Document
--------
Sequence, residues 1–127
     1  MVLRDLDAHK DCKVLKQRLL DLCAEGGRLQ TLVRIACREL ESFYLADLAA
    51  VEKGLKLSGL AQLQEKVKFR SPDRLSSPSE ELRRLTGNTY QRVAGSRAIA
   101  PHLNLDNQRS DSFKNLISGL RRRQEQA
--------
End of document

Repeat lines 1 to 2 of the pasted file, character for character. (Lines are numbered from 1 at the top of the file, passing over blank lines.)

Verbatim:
Sequence, residues 1–127
     1  MVLRDLDAHK DCKVLKQRLL DLCAEGGRLQ TLVRIACREL ESFYLADLAA